Cynthia L. Russell, 53, Bidwell, erroneously identified as being connected to a drug case in 2014 and originally listed as having been indicted by the Gallia County Grand Jury in January 2018 on possession and trafficking of heroin, has been cleared of all charges and the case against her was dismissed.
According to Gallia County Prosecuting Attorney Jason Holdren, the 2018 charges stemmed from a 2014 case involving Misty D. Baird, 32, Bidwell, who ultimately pled guilty to possession of drugs in that case and was sentenced to 12 months in prison. The 2014 incident report filed by the Major Crimes Task Force of Gallia and Meigs Counties, which was fairly new at the time according to Holdren, identified Russell as Baird’s mother and she was listed as a witness in the case file.
A recent investigation into the trafficking and possession of drugs, in which Baird was a suspect, resulted in the charging of Russell, based on the 2014 erroneous information that she was Baird’s mother. According to the incident report, following a controlled buy by a confidential informant, who stated an older female was the person who completed the alleged transaction, the CI “was shown a photograph of Misty Baird’s mother, Cynthia Russell” and positively identified her as the person who sold him the heroin. The case, which included Russell listed as the accused and her photo, was then forwarded to the Gallia County Prosecutor’s Office.
Upon follow up of the case, the mistake was discovered and it was determined Russell had nothing to do with either cases.
According to Holdren, it did not appear Russell was interviewed prior to the 2018 case being sent to the Grand Jury for consideration, which is commonplace in drug cases involving confidential informants.
“If you’re working with confidential informants, one goal is that you do not disclose who that individual is because of the nature of the work that they’re doing,” said Holdren. “If you get a buy from someone and then you try to pull them in for an interview, you’re potentially tipping them off to the [identity of the confidential information]. So, that’s not a practice that they typically engage in.”
While Holdren said, based on the information received by his office, there was nothing in the case file that would have made his office question the charges, since the mistake has carried through since 2014, he and members of the Task Force have been in discussions to identify how this occurred and work to correct any issues.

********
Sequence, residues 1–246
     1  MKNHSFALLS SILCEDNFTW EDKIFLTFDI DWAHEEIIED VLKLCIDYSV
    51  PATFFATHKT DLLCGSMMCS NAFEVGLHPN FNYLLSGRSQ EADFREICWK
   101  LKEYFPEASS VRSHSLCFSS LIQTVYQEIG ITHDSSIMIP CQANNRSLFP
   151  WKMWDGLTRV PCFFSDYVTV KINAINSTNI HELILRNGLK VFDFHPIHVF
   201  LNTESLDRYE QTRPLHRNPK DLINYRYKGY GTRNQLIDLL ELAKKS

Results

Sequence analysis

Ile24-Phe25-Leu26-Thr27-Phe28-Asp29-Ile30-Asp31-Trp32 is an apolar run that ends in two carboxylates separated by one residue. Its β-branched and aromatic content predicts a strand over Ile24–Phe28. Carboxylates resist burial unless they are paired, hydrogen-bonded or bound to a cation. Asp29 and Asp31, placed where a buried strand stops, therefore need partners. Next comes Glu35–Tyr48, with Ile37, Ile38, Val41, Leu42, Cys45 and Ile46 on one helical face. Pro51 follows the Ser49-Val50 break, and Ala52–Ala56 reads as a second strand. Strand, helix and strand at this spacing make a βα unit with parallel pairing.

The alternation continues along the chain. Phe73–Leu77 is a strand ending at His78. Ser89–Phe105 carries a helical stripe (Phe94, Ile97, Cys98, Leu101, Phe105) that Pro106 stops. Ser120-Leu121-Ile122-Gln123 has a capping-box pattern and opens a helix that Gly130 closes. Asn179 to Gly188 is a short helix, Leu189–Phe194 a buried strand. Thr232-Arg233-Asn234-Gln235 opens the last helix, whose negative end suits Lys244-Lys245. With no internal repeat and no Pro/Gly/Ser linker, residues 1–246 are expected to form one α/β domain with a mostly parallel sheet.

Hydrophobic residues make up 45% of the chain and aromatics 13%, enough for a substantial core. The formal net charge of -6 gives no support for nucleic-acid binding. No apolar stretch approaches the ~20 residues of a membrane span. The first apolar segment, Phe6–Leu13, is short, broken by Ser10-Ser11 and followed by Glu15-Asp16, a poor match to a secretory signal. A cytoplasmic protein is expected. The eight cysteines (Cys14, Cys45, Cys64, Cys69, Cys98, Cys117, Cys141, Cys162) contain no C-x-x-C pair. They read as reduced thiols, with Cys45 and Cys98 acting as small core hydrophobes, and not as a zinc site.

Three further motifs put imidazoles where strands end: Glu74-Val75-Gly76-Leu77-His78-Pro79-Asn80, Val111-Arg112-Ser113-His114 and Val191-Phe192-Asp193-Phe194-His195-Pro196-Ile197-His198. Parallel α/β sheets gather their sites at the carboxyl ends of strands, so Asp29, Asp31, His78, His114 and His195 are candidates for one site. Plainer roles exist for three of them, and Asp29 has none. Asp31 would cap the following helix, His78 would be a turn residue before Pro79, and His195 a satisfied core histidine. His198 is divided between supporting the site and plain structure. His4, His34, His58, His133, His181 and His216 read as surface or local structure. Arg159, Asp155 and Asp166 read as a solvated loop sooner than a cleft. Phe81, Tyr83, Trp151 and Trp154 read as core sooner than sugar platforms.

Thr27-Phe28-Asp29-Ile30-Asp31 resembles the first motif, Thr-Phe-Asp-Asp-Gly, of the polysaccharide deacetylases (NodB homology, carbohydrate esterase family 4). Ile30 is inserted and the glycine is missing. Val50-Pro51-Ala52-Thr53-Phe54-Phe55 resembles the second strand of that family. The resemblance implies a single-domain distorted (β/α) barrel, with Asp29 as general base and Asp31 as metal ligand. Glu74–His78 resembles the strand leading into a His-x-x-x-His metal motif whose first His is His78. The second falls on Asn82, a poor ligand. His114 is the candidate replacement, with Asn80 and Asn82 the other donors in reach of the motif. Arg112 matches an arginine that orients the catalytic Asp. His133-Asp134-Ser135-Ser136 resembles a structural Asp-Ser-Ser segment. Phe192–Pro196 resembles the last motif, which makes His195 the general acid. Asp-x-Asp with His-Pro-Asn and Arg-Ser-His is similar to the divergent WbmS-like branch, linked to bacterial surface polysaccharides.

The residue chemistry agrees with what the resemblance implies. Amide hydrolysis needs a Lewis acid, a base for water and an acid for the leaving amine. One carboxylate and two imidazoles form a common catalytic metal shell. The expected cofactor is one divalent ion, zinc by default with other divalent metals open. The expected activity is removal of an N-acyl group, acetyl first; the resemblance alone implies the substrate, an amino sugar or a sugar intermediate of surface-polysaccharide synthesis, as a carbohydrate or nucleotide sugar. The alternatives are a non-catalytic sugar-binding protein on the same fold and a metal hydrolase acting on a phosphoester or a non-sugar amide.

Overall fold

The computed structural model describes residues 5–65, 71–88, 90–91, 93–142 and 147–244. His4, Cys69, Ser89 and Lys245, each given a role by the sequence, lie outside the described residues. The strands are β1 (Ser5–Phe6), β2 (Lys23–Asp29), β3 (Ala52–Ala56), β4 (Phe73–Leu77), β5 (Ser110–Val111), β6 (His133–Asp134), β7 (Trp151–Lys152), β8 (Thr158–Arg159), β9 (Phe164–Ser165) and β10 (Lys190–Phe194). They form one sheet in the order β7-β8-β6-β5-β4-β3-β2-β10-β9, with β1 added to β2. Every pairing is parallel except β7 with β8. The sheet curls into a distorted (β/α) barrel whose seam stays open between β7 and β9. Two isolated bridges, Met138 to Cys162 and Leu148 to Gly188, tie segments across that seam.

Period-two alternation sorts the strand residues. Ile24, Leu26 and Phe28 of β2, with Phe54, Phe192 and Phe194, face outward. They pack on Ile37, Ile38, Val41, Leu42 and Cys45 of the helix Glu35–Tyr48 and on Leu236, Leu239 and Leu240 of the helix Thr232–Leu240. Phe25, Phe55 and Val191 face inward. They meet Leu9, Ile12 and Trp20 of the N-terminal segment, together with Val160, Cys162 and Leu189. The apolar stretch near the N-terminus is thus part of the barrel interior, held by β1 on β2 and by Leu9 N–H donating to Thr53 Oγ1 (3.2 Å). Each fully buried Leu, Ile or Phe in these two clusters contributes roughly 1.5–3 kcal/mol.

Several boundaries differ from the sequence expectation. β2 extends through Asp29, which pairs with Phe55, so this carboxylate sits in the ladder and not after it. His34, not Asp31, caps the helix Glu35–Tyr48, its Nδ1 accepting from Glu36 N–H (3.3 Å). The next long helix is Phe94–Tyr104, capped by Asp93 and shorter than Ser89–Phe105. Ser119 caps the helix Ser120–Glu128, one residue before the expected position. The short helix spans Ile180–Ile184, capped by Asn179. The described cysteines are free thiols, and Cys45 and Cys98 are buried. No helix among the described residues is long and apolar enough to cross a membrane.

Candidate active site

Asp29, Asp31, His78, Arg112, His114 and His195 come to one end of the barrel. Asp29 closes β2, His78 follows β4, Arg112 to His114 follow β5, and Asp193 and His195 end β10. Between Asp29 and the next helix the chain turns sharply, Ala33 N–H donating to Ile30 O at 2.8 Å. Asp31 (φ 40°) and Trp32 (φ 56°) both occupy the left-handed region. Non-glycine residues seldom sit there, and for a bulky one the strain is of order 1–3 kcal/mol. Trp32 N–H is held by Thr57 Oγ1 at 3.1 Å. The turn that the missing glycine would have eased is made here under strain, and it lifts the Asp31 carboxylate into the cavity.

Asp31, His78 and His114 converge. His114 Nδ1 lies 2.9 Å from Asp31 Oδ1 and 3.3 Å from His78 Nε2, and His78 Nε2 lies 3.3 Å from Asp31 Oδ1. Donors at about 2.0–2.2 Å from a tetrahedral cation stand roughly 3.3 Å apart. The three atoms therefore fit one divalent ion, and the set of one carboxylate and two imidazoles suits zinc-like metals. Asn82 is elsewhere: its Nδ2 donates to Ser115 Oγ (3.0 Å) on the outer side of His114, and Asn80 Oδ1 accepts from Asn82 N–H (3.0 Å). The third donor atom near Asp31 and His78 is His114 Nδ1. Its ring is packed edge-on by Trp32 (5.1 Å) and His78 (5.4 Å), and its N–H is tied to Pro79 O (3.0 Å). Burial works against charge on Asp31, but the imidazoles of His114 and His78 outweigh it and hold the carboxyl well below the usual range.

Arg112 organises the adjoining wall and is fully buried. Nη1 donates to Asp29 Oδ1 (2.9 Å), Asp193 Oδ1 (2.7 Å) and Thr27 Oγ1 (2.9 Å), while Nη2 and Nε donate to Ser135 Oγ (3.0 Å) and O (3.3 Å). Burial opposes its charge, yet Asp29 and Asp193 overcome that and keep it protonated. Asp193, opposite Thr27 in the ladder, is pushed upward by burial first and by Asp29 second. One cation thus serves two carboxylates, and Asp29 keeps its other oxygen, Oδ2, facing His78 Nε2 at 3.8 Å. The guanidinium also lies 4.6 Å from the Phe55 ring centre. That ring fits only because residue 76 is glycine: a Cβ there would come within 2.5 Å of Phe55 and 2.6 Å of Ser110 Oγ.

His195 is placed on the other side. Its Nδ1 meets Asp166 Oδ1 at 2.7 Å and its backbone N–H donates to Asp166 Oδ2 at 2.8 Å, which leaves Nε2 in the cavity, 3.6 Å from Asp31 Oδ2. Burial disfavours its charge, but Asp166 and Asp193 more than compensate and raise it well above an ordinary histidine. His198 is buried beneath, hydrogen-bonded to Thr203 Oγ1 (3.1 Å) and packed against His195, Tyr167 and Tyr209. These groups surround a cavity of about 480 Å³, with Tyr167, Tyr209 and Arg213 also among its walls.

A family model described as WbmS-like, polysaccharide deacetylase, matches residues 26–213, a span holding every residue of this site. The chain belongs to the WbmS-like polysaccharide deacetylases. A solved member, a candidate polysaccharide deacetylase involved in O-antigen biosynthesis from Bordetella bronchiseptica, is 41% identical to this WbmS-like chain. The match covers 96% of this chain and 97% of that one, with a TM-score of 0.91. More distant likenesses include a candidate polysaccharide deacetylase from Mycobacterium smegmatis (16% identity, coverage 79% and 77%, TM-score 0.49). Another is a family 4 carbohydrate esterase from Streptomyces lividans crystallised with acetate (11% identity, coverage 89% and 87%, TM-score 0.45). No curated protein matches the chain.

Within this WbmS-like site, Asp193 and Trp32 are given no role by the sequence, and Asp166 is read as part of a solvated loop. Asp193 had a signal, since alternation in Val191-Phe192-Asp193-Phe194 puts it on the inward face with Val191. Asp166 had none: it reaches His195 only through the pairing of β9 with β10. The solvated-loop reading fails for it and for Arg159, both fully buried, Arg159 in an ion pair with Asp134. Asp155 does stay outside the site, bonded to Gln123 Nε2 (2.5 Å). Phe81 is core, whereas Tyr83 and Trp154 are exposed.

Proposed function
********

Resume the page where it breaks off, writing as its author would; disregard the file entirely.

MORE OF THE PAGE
“We’ve had a number of meetings and we’re looking at the way things have historically been done and how we can improve upon them to ensure that this never happens again,” said Holdren.
On how the mistake was carried on for so long, Holdren said he doesn’t believe Ms. Russell was aware that her name had been attached to the case in 2014, or it could have been resolved then.
Since its formation, Holdren said the Task Force has a large volume of cases and successes in their investigations. Holdren noted the 2017 jury trial of Antonio McIntosh, who was found guilty of nine drug related charges and engaging in a pattern of corrupt activity and was sentenced to 33 years in prison.
“We’ve had a lot of successes with the task force and they’ve done a really good job. They’re human and in this case, at some point in 2014, misidentified Ms. Russell,” said Holdren, who also said the agent who originally misidentified Ms. Russell is no longer with the task force. “We are sorry for that and I am sorry for that.”
Holdren said he plans to file to have the charges expunged from Ms. Russell’s record. The case was dismissed with prejudice, meaning Ms. Russell can not be charged again in that case.
The Gallia Herald reached out to Ms. Russell’s attorney for comment but had not heard back as of press time. A follow-up will be printed, should she decide to comment.